ISRAEL AT WAR - DAY 143

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Herzog a 'faithful policy envoy' for Netanyahu government

‘No way in hell’: Likely starting trend, Ilhan Omar to skip Herzog speech to Congress

Progressive Democrat says president of country that banned 1st female Muslim US lawmakers and has ‘violations of human rights,’ shouldn’t have been invited to address joint session

Jacob Magid is The Times of Israel's US bureau chief

Rep. Ilhan Omar, D-Minn., speaks during a news conference by the Congressional Progressive Caucus on the threat of default, Wednesday, May 24, 2023, on Capitol Hill in Washington. (AP Photo/Jacquelyn Martin)
Rep. Ilhan Omar, D-Minn., speaks during a news conference by the Congressional Progressive Caucus on the threat of default, Wednesday, May 24, 2023, on Capitol Hill in Washington. (AP Photo/Jacquelyn Martin)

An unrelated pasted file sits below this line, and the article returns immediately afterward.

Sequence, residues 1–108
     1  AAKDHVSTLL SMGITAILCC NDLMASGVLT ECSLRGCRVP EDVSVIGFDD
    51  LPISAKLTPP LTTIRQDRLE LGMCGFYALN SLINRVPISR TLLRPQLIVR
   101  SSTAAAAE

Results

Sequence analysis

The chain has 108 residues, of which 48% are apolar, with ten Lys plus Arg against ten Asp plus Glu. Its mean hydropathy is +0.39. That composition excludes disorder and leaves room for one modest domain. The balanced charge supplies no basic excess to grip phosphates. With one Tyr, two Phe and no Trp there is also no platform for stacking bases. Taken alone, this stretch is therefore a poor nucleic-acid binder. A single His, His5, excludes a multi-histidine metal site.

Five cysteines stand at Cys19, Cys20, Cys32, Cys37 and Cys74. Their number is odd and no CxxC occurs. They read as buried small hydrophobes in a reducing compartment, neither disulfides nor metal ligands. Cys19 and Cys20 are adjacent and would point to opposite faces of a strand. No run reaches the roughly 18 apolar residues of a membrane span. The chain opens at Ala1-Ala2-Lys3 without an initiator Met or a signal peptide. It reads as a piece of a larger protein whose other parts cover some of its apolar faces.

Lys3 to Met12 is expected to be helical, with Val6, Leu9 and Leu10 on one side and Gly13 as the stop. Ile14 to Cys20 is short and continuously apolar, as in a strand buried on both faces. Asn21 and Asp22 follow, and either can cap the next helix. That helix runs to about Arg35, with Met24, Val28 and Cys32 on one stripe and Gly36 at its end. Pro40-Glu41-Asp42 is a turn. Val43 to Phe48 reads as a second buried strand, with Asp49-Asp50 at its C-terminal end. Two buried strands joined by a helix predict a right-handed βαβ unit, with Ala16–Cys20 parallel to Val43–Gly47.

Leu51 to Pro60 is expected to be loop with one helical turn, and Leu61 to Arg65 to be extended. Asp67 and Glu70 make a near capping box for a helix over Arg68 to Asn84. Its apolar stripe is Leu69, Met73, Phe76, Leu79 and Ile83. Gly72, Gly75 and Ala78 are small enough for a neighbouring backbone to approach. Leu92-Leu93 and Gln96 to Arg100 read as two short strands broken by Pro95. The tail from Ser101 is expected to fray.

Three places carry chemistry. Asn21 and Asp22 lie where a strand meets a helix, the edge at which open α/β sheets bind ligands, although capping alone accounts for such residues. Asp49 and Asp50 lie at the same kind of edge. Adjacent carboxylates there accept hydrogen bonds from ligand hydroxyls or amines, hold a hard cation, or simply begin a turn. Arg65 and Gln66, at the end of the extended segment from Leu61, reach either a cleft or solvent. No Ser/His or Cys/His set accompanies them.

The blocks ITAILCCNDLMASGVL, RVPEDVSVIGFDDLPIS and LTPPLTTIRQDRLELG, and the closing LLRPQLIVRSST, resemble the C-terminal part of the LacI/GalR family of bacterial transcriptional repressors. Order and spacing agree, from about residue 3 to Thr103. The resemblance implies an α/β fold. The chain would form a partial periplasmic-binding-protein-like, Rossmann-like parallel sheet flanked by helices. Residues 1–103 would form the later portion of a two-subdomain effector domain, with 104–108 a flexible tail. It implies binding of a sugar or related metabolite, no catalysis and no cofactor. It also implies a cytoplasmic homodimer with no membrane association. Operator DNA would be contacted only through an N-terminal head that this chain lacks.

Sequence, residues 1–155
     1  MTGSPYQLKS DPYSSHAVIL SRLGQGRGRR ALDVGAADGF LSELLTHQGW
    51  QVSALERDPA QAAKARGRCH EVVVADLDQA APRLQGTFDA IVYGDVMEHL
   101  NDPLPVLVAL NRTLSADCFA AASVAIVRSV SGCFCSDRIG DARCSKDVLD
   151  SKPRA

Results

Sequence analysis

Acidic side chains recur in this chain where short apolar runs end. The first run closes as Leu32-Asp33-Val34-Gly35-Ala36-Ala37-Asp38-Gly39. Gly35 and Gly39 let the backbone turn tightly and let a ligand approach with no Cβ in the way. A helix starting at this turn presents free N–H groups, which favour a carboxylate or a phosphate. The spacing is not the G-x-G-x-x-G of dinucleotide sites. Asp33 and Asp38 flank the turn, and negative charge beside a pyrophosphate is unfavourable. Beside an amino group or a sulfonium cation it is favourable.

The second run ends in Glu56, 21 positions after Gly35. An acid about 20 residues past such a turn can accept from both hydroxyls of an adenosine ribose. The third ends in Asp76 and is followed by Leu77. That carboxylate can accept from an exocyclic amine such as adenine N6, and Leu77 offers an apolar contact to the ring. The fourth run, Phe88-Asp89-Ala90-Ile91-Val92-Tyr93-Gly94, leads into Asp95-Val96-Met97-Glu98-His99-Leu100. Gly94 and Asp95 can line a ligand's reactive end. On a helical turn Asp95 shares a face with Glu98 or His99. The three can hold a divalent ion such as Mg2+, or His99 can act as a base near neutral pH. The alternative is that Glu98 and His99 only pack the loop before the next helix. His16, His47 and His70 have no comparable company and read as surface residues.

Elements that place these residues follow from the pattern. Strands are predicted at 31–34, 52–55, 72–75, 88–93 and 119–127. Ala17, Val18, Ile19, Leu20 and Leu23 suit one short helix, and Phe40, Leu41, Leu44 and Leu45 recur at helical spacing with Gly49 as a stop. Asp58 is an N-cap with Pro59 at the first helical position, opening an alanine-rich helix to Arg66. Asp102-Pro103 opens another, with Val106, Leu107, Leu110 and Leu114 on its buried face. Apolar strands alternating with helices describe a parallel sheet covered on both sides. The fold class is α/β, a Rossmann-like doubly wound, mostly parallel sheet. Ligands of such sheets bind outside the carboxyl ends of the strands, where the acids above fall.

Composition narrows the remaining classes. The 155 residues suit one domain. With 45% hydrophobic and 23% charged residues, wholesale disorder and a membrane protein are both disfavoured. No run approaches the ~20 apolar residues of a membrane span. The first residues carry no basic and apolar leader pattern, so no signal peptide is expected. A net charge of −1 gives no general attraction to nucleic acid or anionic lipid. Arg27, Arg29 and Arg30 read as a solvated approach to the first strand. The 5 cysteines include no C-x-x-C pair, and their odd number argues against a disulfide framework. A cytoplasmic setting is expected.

Democratic Rep. Ilhan Omar announced on Wednesday that she would be boycotting President Isaac Herzog’s address to a joint session of the US Congress next week in what likely is to start a trend among other progressives in her party.

“There is no way in hell I am attending,” Omar wrote in a Twitter thread that listed nearly a dozen reasons for her decision.

Herzog is slated to give the speech marking Israel’s 75th anniversary on Wednesday after receiving an invitation last year by then-House speaker Nancy Pelosi, which current Speaker Kevin McCarthy reissued earlier this year.

While Herzog is seen as a more palatable figure for many Democrats who have long soured on Prime Minister Benjamin Netanyahu, Omar’s announcement demonstrated that animosity toward Israel runs much deeper than any particular government.

At the same time, the hardline nature of the current coalition is sure to make it easier for other progressive lawmakers to follow Omar’s lead.

“We should not be inviting the president of Israel — a government who under its current prime minister barred the first two Muslim women elected to Congress from visiting the country — to give a joint address to Congress,” Omar tweeted in all caps, noting that ban had meant fellow Muslim congresswoman Rashida Tlaib was unable to visit her grandmother who lives in the West Bank.